I'm happy to present on Beyond Legal Compliance - Embracing the FOSS
community, where I will outline that the primary focus should not be
on to-the-letter legal compliance, but to a proactive way of interacting
with the FOSS community. After all, collaborative development is what
FOSS is all about...
However, due to a schedule conflict with the DeepSec 2011 conference in
Vienna (where I'm giving a two-day GSM security workshop), I'm only able
to attend the second day of the KOSS conference.
The speaker line-up for the KOSS conference is quite impressive, and it
includes Karsten Gerloff (FSFE), Till Jaeger (JBB), Carlo Piana (FSFE),
Keith Bergelt (OIN), Armijn Hemel (gpl-violations.org/Tjaldur) and others.
Unfortunately there seems to be no homepage, at least none with an
English language title that Google would be able to find. Carlo Piana
has mentioned the event in his
blog four days ago.
UPDATE: There now is a conference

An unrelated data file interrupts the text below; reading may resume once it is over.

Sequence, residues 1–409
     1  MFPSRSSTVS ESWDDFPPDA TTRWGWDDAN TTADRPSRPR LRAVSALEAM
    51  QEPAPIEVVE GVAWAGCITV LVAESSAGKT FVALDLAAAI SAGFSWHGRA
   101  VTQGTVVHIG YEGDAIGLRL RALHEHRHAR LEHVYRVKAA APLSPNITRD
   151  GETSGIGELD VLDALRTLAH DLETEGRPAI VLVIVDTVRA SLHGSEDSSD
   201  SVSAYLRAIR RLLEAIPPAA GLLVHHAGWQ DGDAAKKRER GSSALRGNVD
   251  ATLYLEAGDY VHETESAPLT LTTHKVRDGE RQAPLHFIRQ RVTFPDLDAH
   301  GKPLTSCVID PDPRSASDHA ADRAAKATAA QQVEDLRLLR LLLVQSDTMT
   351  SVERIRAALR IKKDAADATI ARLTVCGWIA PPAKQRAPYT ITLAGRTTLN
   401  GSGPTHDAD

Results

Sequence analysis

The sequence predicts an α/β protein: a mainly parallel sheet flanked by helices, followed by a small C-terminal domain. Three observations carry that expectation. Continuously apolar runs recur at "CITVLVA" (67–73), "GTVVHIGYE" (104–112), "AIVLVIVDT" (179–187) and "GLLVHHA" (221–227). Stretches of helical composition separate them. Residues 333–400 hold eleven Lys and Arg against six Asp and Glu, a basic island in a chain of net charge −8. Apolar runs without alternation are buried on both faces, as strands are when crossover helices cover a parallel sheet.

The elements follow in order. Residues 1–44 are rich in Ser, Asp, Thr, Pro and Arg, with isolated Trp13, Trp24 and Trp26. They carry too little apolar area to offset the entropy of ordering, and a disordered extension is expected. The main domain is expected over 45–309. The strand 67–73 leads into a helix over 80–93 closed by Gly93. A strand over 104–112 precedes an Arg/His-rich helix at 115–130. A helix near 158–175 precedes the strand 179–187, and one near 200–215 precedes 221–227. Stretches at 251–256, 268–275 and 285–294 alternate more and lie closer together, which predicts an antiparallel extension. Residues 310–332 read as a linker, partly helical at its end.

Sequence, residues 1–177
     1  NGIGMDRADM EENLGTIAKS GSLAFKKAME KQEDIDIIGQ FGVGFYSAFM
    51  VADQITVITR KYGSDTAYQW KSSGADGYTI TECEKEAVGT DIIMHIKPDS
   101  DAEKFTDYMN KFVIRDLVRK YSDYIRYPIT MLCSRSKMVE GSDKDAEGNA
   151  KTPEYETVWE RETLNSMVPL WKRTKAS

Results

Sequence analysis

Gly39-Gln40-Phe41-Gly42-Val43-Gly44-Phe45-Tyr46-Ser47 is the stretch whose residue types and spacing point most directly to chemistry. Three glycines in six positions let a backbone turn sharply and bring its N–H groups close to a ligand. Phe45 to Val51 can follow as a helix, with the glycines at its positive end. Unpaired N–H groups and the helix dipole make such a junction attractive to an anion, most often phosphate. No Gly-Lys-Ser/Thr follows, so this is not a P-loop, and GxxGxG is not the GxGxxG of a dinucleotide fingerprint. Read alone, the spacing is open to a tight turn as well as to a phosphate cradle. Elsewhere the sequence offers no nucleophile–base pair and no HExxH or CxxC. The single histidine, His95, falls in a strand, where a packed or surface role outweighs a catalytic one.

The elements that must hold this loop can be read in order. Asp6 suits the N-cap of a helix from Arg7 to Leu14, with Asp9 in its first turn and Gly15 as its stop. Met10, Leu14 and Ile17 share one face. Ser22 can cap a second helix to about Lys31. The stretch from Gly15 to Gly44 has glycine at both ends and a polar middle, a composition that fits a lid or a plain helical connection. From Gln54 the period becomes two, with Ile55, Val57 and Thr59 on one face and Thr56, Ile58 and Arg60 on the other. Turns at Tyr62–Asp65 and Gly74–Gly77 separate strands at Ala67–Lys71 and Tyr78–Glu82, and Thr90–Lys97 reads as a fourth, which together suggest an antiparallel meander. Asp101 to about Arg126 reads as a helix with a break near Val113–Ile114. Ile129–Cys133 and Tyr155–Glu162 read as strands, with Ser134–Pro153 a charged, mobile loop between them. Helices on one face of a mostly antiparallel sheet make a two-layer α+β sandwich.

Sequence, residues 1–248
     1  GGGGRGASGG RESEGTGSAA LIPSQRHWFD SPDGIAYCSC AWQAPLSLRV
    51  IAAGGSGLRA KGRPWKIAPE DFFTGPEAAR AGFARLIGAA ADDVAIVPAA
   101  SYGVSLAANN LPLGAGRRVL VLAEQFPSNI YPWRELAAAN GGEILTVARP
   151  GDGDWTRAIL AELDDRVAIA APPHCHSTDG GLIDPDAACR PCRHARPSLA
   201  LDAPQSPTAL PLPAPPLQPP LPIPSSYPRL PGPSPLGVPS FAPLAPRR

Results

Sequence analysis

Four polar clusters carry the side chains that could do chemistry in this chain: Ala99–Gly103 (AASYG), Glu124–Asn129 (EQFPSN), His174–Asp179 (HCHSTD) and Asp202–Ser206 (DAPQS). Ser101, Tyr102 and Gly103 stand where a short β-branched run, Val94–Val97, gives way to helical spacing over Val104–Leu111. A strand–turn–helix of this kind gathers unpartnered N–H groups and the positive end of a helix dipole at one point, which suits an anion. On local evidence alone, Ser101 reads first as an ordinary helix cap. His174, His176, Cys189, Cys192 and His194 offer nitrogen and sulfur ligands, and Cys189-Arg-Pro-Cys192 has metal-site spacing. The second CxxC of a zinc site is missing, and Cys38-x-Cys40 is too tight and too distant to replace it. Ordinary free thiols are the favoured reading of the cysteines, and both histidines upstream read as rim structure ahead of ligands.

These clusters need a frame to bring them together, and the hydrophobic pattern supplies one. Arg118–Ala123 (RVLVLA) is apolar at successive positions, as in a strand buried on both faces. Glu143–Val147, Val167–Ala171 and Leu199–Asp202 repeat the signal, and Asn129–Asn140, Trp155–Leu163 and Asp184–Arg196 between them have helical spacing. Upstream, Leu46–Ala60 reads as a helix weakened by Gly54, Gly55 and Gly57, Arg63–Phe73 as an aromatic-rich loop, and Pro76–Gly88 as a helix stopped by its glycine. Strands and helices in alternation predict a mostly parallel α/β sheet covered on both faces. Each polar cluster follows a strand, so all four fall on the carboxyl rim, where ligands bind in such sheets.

page, although in Korean language only ;)
Some thoughts on the Erlang User Conference 2011
It seems I'm really getting too lazy to update this blog more
frequently, which is a pity. Last week I was in Stockholm attending the
User Conference 2011. This was the first Erlang conference I ever
went to, and it was the first conference in many, many years where I was
not speaking but merely a normal attendee.
Some of the readers of this blog will already have noticed my
microblogging updates on identi.ca and Twitter that I made during the
conference. They were not overly excited about the conference. Let me
write some more details here. I have no idea how many technical
conferences I have attended, but I am typically speaking at something
like 10 to 14 every year, which I believe qualifies me as a
"professional conference participant" ;)
Let me start with some positive feedback: There have been excellent and
technical presentations, particularly by Kostis Sagonas (PropEr), Melinda Toth
(Change impact analysis) and also the talk on Hashes/Frames/Structs as
new built-in Erlang data types by Kenneth Lundin.
However, apart from those, i have quite a bit of criticism:
- Some presentations ended way ahead of their schedule.
is a pity, as it means that some hundred-odd highly paid software
developers are then sitting in a room and wasting time. If you hold a
presentation at a conference, you should make sure that this time is
used in the most efficient way. If you have been allocated a 45 minute
slot, please don't make a 15 minute presentation + 5 minute questions
session. That's not what the audience expects!
- Keynote presentation by Ulf Wiger contained lots of hot